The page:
It’s impossible to ignore the impact of the CoVID-19 pandemic on our lives and the way we interact with the people we are used to having around us. As an artist, I find it difficult to ignore the impact of the situation on my art and creative process.
Even though my full time job and my artistic life and creative process intertwine, it still feels strange and uncomfortable not “going in to work”. Spending time in the studio creating, pondering the questions around the role of art in our culture, or what it means to be an artist, still feels like something I should be spending some small part of my “work week” on, not the entire day.
However, there is still the endless drumbeat of, “do something, be productive, don’t waste your time, have something to show for all these hours and days and weeks slipping through your fingers.”
As a Christ-follower, there is the added angle of somehow transforming this time into some sort of spiritual experience. What am I learning from this time? How am I stepping into transformation? How will I, and the community of Christ following people emerge from the other side of this experience, somehow stronger and more aware of our place in God’s Kingdom? It’s a two edged sword — the questions are certainly valuable and worth asking, but again, there is the buzzing pressure to be “spiritually” productive with the time, to not simply let it walk past me.
I created this sculpture, “Quiet”, shortly before the world all went crazy. A pottery friend had just given me a 50lb batch of a new kind of clay to experiment with. It was very similar to the Black Raven clay which I have used before, but with a higher level of grog. I created this piece largely as an experiment with the new clay, trying some new techniques. I was delighted with the results, especially the the glistening surface finish I liked so much in the Black Raven clay. However, I also ran into some technical difficulties, in particular, in some severe cracking in the body and legs of the figure.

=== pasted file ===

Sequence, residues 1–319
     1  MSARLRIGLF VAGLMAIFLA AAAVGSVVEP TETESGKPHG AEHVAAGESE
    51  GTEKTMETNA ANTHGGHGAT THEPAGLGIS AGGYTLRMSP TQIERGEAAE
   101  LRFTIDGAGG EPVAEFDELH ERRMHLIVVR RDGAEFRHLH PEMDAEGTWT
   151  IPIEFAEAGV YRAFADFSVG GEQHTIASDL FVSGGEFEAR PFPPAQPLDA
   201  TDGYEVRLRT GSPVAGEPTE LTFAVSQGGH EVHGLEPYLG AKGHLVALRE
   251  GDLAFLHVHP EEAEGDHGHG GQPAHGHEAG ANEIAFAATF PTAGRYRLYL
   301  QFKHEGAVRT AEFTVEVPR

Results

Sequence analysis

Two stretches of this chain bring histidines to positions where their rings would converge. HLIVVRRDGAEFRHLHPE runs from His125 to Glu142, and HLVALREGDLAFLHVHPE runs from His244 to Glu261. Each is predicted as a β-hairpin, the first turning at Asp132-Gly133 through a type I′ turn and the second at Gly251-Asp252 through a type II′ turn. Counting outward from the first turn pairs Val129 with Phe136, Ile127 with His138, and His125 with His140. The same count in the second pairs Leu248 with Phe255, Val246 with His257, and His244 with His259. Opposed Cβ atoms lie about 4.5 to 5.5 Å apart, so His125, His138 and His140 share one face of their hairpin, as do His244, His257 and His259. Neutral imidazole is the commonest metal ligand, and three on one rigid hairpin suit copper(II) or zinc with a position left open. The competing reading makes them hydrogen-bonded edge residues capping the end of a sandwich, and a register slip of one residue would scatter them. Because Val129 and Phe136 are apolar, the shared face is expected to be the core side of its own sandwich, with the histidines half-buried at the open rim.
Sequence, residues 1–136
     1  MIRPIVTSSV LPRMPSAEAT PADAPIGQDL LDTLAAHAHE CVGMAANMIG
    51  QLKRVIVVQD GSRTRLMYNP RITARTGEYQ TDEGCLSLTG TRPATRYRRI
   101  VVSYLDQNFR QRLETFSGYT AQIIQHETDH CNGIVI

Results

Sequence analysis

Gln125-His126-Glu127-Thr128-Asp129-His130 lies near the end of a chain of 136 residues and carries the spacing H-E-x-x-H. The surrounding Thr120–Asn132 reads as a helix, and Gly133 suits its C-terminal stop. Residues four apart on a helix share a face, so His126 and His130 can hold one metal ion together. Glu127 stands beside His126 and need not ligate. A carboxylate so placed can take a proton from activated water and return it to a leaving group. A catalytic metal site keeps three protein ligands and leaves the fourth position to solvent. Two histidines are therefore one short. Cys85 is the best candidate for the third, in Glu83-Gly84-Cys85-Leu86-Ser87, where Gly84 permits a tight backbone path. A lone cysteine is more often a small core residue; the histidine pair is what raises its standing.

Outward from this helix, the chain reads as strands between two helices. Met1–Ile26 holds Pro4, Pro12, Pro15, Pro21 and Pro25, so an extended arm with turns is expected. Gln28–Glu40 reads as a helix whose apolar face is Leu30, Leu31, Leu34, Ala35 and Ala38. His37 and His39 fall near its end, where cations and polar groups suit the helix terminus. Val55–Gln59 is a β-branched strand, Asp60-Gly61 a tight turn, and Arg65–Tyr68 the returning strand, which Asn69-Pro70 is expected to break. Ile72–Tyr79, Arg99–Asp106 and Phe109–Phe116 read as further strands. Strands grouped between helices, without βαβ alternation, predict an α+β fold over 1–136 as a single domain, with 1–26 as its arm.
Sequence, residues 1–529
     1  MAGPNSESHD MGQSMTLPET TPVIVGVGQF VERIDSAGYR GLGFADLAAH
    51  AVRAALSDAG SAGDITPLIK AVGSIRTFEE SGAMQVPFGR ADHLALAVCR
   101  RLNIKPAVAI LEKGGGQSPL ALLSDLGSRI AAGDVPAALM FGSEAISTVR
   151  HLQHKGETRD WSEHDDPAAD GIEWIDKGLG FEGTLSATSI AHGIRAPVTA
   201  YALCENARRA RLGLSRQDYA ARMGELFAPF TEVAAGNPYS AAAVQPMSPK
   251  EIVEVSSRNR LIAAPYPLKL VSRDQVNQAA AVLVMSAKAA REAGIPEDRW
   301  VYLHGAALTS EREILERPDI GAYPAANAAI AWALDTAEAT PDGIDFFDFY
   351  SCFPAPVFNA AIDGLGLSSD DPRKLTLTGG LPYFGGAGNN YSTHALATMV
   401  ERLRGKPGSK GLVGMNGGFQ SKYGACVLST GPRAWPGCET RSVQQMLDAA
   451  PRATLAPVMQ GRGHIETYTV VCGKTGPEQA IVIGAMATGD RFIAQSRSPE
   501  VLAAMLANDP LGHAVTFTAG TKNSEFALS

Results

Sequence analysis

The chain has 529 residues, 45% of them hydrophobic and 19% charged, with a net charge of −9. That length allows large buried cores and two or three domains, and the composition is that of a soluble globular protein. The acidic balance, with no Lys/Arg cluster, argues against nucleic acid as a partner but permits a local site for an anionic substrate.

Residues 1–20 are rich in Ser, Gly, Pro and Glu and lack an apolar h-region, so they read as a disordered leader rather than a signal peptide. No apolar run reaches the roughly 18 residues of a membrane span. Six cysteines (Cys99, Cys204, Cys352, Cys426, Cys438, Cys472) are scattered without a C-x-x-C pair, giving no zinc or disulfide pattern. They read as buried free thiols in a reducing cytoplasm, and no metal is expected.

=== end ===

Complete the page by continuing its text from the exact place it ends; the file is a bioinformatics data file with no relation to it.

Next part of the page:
I found an interesting way of “redeeming” these cracks when they have shown up in some of my work. I have a bright, gold colored resin which I work into the cracks. Much like the ancient Japanese tradition of Kintsukuroi (or Kintsugi), it takes something which has been marred or broken, and transforms it into something more beautiful than before. For this figure, rather than hiding the crack, I acknowledge it as a precious part of who she is.
I struggled to find the right name for this piece. I created it out of a guttural sense of the form, flow, tension and feel of the pose, rather than having an explicit sense of the “meaning”. Now, as we walk in the middle of the insanity, darkness, and uncertainty of these times of pandemic and fear, the sense this figure gave me was of “quiet”. She doesn’t necessarily have a sense of “peace”, for there is little of that around. Rather, she is sitting still, allowing the quiet to flow over her.
This is what I am trying to see, to walk into, to let myself dwell in — quiet. Taking time to consciously step off of the treadmill of doing “useful” things. Stilling the noise and buzz of what is going on — things that I cannot deny and cannot stop — and allowing myself to simply hear the still, small sound of the Father, breathing.
(For a fascinating talk around the tradition of Kintsukuroi and the way it parallels our lives, see this TED Talk.)